Chi was no ordinary chicken. It had expensive tastes. Once, when it wanted a chick-phone, the latest phone that chickens use to communicate with each other over long distances, it asked Dresden for it. Chick-phones didn’t come cheap, and Dresden had to work for almost a year before being able to come up with that money.

By that time, chick-phones were no longer in vogue, and when Dresden got it for Chi the following year for Christmas, Chi was most disappointed. Dres cried after knowing of Chi’s disappointment, and asked Chi what it was that he wanted. Chi mentioned that he wanted to be left alone, and Dresden granted it its wish.

That Christmas, while Chi was sleeping, the very hurt Dresden decided that he was going to surprise Chi with a new present that would make Chi happen again, and he decided that he would choose Valentine’s to give it to it, for it was the next special occasion of gift-giving.

When Valentine’s came about, Dresden showed Chi what he had got it: a box of worm chocolates. Chi was so touched it started crying, and forgave Dres straight away. Dres felt relieved that Chi had at long last had forgiven him, and he decided to go out to celebrate with a few of his human friends.

Dres was at this time about 11-years-old. After his heavy night of drinking, he came back, drunk as a sober man who had drunk a bottle too much of wine, and went into the play-pen of Chi.

Feeling hungry at that time, he did not see Chi as Chi, but rather saw Chi as a chicken. He went to the kitchen, and returned yielding a knife. Chi looked up, and screamed, “cluck! Cluck!” But Dresden was too drunk to know what he was doing.

He took the knife and slashed Chi a few times, severely injuring Chi, which was a full-fledged chicken by now, but not killing him. Then he proceeded to slowly and painfully pluck out Chi’s feathers one by one, all the while Chi was screaming in pain, “cluck!”

When Chi was totally defeathered, it lay on its side, too ashamed to do or say anything, all the while as Dresden looked on. Then Dresden picked Chi up, which was visibly shaken, and threw it into the microwave. He set the microwave at 10 minutes, left the kitchen, and went straight to bed.

When Dres awoke the next morning, he realised that his room smelt of a wet market. That smell of blood and staleness hung in the air like a ghost that refuses to go away. He went to the toilet and realised his whole body was stained with blood. Shocked, he fainted.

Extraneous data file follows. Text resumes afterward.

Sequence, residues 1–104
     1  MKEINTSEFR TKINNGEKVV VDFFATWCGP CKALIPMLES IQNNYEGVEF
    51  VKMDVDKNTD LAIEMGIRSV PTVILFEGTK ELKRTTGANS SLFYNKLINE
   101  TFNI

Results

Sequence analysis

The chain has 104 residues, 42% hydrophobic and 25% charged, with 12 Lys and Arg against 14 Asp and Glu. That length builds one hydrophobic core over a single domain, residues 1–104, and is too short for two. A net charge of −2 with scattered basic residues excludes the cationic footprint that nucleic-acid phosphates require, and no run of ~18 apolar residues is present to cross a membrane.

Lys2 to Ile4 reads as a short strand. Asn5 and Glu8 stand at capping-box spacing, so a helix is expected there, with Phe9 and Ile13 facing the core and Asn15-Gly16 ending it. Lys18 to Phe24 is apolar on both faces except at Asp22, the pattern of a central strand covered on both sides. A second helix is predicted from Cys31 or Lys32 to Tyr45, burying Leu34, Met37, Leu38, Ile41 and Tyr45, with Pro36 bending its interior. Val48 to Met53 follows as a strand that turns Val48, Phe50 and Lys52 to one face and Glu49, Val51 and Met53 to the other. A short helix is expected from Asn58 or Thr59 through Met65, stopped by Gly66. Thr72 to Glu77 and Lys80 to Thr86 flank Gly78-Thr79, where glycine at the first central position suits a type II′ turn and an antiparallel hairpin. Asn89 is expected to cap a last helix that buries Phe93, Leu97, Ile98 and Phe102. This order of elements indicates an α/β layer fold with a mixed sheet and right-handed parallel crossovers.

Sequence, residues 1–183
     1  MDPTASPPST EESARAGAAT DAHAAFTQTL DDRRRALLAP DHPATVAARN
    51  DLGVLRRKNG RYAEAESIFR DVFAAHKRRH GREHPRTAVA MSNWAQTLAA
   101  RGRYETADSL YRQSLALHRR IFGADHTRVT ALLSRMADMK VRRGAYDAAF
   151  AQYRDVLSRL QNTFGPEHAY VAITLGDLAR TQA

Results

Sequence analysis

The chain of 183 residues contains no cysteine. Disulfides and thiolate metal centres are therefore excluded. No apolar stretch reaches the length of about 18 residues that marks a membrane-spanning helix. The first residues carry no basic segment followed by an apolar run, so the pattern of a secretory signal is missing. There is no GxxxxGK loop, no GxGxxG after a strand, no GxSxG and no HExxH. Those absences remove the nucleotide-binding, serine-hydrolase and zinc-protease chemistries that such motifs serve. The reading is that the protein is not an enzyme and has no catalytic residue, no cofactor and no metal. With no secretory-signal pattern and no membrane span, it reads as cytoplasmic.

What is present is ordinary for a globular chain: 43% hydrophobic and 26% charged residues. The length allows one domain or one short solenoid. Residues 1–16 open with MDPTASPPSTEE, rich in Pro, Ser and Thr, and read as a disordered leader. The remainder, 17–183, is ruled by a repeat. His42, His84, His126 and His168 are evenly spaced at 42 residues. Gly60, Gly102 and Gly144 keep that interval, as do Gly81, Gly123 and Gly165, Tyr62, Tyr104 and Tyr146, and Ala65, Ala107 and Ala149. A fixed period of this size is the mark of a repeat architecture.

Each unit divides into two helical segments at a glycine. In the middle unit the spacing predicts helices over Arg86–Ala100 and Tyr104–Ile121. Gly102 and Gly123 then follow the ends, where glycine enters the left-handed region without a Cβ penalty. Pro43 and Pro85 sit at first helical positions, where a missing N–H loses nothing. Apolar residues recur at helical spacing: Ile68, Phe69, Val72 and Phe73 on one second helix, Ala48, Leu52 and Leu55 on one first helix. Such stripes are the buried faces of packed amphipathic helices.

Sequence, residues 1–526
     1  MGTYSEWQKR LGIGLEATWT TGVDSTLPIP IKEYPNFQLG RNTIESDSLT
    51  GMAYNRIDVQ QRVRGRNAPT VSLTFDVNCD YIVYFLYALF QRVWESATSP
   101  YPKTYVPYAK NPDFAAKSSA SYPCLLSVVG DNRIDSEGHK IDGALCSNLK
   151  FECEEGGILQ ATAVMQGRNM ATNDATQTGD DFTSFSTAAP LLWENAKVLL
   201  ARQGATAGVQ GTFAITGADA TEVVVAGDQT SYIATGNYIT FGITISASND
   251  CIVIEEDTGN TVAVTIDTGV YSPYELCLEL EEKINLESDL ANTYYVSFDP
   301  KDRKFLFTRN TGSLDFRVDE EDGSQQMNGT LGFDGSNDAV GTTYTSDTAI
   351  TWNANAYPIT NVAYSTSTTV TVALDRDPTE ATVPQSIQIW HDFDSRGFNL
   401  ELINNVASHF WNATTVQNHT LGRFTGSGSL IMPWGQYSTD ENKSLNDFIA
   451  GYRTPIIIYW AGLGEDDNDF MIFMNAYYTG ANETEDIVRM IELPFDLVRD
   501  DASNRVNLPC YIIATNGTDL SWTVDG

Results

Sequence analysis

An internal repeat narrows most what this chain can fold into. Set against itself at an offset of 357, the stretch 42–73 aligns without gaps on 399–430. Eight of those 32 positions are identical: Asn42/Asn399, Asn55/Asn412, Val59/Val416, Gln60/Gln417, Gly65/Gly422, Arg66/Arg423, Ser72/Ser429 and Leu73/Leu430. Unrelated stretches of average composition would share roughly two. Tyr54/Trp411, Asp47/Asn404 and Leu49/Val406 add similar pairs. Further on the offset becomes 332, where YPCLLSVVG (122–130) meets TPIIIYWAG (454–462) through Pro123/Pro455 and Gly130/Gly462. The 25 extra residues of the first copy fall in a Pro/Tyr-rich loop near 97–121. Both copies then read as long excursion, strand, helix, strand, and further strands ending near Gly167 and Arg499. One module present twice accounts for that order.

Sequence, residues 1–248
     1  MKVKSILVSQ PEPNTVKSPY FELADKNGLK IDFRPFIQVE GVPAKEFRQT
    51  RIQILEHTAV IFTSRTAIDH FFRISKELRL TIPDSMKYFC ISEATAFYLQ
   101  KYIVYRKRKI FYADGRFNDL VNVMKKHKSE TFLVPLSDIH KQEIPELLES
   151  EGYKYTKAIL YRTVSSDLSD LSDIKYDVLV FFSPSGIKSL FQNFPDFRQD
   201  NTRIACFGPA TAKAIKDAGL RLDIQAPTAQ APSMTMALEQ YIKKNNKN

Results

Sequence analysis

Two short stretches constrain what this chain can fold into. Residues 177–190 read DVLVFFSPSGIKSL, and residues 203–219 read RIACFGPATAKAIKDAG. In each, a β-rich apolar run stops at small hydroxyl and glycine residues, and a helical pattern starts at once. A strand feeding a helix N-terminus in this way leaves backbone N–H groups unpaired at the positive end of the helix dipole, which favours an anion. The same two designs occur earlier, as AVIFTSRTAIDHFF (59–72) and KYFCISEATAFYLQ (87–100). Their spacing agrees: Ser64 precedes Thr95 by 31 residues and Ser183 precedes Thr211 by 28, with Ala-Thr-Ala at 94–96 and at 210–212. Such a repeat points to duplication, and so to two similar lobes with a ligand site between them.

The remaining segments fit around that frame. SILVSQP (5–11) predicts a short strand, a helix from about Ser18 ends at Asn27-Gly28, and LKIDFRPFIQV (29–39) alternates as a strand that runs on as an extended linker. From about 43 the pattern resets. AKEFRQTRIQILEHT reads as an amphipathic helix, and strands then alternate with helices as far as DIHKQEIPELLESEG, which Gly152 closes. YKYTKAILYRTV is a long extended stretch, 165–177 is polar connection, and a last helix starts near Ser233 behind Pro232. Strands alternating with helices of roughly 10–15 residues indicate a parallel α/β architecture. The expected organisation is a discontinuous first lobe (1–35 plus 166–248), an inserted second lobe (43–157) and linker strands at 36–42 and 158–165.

When he awoke, he yet again saw the blood, and fainted yet again. The third time he rose again, but this time he stayed conscious. He quickly ran to the kitchen as images of what happened that night resurfaced in his mind, and, opening the microwave, fainted for the fourth time.

In the microwave was a cooked Chi, burnt almost beyond recognition. The only thing that made Dres know that it was Chi was that splattered on the wall of the microwave was not only blood, but wormy chocolate as well, the very chocolate had had given to Chi the previous day.

Dres cried and cried, but it was no use. No matter what he did from this time onward, he was always going to be the person with a traumatic childhood, and not even Freud would be able to save him now.

Dres scooped up the remains of Chi and put it into the box of wormy-chocolates. He then dug a hole in his garden and put the box inside, then covered it. A shallow grave for a shallow chicken. The epitaph of Chi read:

Here lies a chicken
Cooked beyond perfection
Original and unseasoned
Burned beyond recognition
Loved by Dresden
Killed by Dresden
Love kills—
Love not. – Dresden

Leave a Reply

Fill in your details below or click an icon to log in:

WordPress.com Logo

You are commenting using your WordPress.com account. Log Out / Change )

Twitter picture

You are commenting using your Twitter account. Log Out / Change )

Facebook photo

You are commenting using your Facebook account. Log Out / Change )

Google+ photo

You are commenting using your Google+ account. Log Out / Change )

Connecting to %s